By Richard Menta 1/19/05
A bill has been introduced in the California legislature that will criminalize the development and distribution of P2P applications that do not have built-in provisions to stop the trading of copyrighted material.
Introduced by Senator Kevin Murray from Los Angeles, the bill is directly aimed at file sharing applications like Grokster and Morpheus who won a landmark case (in California) ruling that they are indeed legal as per the Supreme Court's Betamax ruling.
The U2 iPod is available on Amazon
In August the US Court of Appeals for the 9th circuit found Grokster not liable for contributory infringement. In that ruling the court stated this:
"Further, as we have observed, we live in a quicksilver technological environment with courts ill-suited to fix the flow of internet innovation. The introduction of new technology is always disruptive to old markets, and particularly to those copyright owners whose works are sold through well-established distribution mechanisms. Yet, history has shown that time and market forces often provide equilibrium in balancing interests, whether the new technology be a player piano, a copier, a tape recorder, a video recorder, a personal computer, a karaoke machine, or an MP3 player. Thus, it is prudent for courts to exercise caution before restructuring liability theories for the purpose of addressing specific market abuses, despite their apparent present magnitude."
Despite its eloquent plea to let market forces bring the issue of file trading to closure, the US Court of Appeals spoke of how the courts were ill-suited to to fix the issue, not law makers. This left it open for legislators from the country's media hub to tackle the issue.
If signed into law, Senator Murray's bill could cost P2P developers $2500 and a year in jail for not taking "reasonable care" to insure that their program cannot be used to swap copyrighted movies and music.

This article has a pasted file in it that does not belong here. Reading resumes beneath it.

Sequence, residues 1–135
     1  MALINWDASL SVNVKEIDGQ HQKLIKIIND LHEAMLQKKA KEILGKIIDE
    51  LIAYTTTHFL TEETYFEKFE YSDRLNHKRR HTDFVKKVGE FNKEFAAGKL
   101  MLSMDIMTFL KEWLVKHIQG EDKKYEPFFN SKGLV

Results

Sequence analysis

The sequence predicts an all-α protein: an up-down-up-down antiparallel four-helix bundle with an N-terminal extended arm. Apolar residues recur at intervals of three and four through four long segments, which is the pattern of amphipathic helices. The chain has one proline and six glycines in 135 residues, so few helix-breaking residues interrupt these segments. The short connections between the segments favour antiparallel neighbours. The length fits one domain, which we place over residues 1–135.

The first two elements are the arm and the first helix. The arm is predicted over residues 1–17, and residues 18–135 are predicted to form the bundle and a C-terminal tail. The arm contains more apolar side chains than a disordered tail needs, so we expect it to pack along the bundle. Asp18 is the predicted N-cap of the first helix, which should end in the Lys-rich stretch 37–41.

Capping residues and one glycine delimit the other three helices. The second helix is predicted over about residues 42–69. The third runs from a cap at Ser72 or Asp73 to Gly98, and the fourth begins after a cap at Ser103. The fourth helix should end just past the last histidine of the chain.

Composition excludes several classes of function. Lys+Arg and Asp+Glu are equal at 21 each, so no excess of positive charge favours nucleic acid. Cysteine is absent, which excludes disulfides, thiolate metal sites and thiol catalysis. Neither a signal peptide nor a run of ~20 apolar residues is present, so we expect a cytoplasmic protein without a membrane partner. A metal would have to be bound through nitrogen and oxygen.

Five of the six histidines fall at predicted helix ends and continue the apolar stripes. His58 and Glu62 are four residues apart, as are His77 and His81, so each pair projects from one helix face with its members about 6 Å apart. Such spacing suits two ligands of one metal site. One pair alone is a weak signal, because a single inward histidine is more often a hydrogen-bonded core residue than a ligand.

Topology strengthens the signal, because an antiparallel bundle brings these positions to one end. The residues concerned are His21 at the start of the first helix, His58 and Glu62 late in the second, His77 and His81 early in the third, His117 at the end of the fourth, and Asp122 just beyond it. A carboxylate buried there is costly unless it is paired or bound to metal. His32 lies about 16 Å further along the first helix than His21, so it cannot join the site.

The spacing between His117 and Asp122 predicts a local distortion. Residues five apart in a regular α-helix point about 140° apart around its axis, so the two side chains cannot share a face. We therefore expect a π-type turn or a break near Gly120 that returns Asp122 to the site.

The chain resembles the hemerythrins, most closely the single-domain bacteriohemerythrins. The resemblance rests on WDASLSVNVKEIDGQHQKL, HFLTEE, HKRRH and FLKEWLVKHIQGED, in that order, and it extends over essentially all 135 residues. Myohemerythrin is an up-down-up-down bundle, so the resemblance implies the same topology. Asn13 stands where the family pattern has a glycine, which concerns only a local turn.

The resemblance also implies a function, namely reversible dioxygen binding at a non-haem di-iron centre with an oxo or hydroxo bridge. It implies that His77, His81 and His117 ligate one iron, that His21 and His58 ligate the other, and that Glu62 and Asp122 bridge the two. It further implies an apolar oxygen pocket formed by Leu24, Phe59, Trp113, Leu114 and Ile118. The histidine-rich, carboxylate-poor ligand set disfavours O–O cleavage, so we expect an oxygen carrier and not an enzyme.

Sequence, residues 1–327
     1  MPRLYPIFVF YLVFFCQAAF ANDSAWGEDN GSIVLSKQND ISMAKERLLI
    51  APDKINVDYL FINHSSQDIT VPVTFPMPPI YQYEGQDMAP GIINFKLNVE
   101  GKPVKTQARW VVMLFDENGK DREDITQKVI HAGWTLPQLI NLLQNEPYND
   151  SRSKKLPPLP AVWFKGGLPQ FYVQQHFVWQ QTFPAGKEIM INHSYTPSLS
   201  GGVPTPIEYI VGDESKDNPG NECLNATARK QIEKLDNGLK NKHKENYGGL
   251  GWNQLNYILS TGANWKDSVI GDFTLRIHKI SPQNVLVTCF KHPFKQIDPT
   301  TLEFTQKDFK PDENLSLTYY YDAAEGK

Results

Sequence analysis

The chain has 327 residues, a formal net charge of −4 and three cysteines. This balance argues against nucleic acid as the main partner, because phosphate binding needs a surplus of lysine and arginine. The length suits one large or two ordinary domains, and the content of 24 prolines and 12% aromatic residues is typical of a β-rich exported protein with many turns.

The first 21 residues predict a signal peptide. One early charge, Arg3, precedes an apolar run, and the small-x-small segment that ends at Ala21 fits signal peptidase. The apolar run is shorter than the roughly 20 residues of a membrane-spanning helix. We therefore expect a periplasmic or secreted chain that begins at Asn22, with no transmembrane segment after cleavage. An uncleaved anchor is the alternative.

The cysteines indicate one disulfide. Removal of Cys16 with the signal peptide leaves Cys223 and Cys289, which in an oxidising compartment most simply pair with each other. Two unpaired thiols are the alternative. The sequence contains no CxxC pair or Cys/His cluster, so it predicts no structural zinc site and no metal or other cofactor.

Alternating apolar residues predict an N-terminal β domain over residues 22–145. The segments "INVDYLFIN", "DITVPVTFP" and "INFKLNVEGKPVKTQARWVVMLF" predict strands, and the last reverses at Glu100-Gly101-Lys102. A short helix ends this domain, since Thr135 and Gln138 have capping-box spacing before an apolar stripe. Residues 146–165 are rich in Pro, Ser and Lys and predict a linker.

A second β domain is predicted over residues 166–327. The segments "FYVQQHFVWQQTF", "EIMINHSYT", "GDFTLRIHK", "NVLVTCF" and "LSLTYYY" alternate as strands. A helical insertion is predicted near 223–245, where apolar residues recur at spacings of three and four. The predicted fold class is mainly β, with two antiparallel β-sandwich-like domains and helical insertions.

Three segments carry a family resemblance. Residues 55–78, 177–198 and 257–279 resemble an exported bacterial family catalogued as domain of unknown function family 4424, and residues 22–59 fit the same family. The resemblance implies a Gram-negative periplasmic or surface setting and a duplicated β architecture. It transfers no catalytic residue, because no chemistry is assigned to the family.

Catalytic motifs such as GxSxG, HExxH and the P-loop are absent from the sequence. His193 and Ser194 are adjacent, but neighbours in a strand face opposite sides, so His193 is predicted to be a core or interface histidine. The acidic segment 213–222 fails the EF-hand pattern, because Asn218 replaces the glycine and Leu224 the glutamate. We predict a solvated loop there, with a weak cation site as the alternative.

The California legislature and Govenor Arnold Schwarzenegger have been sympathetic to the media industries attempts to disrupt file trading. Last year they passed California State Bill 1506, which makes it a crime for that state's file traders to use a service like KaZaa or eDonkey without first supplying their emails to the state. That bill was sponsored by Senator Murray.
But even passage of the law does not guarantee success for the media industries as the Grokster/Morpheus case goes to the US Supreme Court in March. If the justices rule in favor of the file swap services, federal law will trump the state law.
But, if the Supreme Court rules against, the ruling just stipulates the case on constitutional grounds. The California law is left open to dictate what penalties will be involved. In this case, Senator Murray is seeking to go beyond civil liability and make certain development of file trading applications is a crime unless limitations are imposed. The bill would apply not just to California developers, but to out-of-state developers if their products are used by California natives.
Other MP3 stories:
iPod Shuffle Sells Out
The Digital Media Winners of 2004
The Digital Media Losers of 2004